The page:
[ Back to EurekAlert! ] Public release date: 25-Mar-2010
[ | E-mail Share Share ]

Contact: Dr. Gernot Laengst
gernot.laengst@vkl.uni-regensburg.de
49-941-943-2849
Public Library of Science

New insights into the 3-D organization of the human genome

Insights into the genomics of the human nucleolus have been revealed in a study by researchers from the University of Regensburg and the Ludwig Maximilians University in Germany and the Centro de Investigación Príncipe Felipe in Spain. The research, published March 26 in the open-access journal PLoS Genetics, sheds new light on the functional organization of human genetic material.

One major challenge of the post-genomic era is to understand how the genome is organized inside the cell's nucleus to fulfill the dynamics and regulation of DNA access to regulatory factors. Previous studies on the nuclear architecture of the cell suggest that the three-dimensional structure of genomic information is non-random. However, few discrete genomic loci have been analyzed for their spatial location, prompting the current study.

The researchers, led by Attila Németh and Gernot Längst, examined the DNA network of the nucleolus, the nucleus' largest sub-compartment, using sequencing, microarray analysis, and single-cell analysis. The work resulted in a high-resolution sequence map of this nuclear structure, detailing the position of the several thousand genes and non-coding sequences that form the nucleolus within the three-dimensional space of the nucleus.

"The results help us understand how nuclear information is packaged into functional compartments of the nucleus," say the authors. At the same time, the authors emphasise that this research was confined to just two cell types, and that further studies are needed to address the conservation of these packaging mechanisms during evolution, and to monitor the developmental dynamics of three-dimensional genome organization.

###

FINANCIAL DISCLOSURE: GL and TC are supported by the Deutsche Forschungsgemeinschaft (DFG); GL by the Bayerisches Genomforschungsnetzwerk (BayGene); AN and GL by the University of Regensburg - DFG Anschubfinanzierung; and AC, DM, IM, JS-L, and JD by grants from project BIO BIO2008-04212 from the Spanish Ministry of Science and Innovation (MICINN) and grant (RD06/0020/1019) from Red Temática de Investigación Cooperativa en Cáncer (RTICC), Instituto de Salud Carlos III (ISCIII), MICINN. The National Institute of Bioinformatics (www.inab.org) is a platform of Genoma Espana. The CIBER de enfermedades raras is an initiative of the ISCIII. The funders had no role in study design, data collection and analysis, decision to publish, or preparation of the manuscript.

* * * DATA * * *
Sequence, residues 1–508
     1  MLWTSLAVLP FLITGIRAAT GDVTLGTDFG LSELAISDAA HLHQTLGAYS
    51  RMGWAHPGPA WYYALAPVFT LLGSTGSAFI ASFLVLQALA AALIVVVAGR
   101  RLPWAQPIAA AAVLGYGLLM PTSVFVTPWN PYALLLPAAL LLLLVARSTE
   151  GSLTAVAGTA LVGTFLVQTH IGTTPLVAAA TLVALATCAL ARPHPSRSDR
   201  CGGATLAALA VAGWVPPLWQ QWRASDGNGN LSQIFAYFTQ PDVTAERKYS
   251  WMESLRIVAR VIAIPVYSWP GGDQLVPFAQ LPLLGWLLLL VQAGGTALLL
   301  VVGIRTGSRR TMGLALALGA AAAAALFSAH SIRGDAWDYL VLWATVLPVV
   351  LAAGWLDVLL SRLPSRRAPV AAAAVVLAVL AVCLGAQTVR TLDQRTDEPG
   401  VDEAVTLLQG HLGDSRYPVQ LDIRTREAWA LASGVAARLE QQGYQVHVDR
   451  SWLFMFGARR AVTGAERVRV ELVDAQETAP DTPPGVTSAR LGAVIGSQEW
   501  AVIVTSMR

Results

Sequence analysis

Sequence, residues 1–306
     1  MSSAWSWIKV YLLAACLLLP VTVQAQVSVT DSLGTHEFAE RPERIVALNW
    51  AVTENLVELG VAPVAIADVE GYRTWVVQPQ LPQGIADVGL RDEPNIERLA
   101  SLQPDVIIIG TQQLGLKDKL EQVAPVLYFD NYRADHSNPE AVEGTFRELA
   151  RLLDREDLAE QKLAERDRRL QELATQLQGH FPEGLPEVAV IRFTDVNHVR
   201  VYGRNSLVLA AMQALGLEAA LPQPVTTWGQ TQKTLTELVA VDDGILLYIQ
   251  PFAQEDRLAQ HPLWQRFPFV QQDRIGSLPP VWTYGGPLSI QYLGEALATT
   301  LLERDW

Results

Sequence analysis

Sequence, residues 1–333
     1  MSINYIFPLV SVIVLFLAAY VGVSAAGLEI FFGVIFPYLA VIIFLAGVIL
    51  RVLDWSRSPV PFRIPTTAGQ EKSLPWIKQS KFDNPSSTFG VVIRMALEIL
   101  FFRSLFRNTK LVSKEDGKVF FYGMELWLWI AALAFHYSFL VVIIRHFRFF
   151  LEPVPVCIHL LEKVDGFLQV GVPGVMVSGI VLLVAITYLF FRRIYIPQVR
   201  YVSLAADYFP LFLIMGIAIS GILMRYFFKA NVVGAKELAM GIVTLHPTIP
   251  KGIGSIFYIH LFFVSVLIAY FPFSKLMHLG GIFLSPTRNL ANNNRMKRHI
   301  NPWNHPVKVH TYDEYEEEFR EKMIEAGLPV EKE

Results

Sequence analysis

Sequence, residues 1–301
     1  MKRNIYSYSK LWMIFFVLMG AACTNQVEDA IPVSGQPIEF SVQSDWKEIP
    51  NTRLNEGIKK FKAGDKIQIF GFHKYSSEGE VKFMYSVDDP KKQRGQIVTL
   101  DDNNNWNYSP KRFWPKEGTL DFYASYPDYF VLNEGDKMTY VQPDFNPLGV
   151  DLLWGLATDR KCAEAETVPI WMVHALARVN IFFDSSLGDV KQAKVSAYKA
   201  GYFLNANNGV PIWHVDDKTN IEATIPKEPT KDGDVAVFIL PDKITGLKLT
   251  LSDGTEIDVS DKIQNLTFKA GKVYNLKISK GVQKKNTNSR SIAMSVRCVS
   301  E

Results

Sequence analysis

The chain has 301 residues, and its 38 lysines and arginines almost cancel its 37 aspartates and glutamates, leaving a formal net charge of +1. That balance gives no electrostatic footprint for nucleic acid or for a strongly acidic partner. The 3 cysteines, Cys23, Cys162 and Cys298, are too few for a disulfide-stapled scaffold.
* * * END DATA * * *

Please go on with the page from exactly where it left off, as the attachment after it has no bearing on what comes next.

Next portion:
COMPETING INTERESTS: The authors have declared that no competing interests exist.

CITATION: Németh A, Conesa A, Santoyo-Lopez J, Medina I, Montaner D, et al. (2010) Initial Genomics of the Human Nucleolus. PLoS Genet 6(3): e1000889. doi:10.1371/journal.pgen.1000889

IN YOUR COVERAGE, PLEASE USE THIS URL TO LINK TO THE FREELY AVAILABLE ARTICLE (the link will go live when the embargo ends): <http:// http://www.plosgenetics.org/article/info:doi/10.1371/journal.pgen.1000889>

CONTACT:
Prof. Dr. Gernot Längst
Managing Director of RIGeL - Regensburg International Graduate School of Life Sciences
Biochemistry III
Universität Regensburg
Regensburg
Germany
Email: gernot.laengst@vkl.uni-regensburg.de
Phone: 00 49 941 943 2849

Disclaimer

This press release refers to an upcoming article in PLoS Genetics. The release is provided by the article authors and their institutions. Any opinions expressed in this release or article are the personal views of the journal staff and/or article contributors, and do not necessarily represent the views or policies of PLoS. PLoS expressly disclaims any and all warranties and liability in connection with the information found in the releases and articles and your use of such information.

About PLoS Genetics

PLoS Genetics (http://www.plosgenetics.org) reflects the full breadth and interdisciplinary nature of genetics and genomics research by publishing outstanding original contributions in all areas of biology.

About the Public Library of Science

The Public Library of Science (PLoS) is a non-profit organization of scientists and physicians committed to making the world's scientific and medical literature a freely available public resource. For more information, visit http://www.plos.org.



[ Back to EurekAlert! ] [ | E-mail Share Share ]

 


AAAS and EurekAlert! are not responsible for the accuracy of news releases posted to EurekAlert! by contributing institutions or for the use of any information through the EurekAlert! system.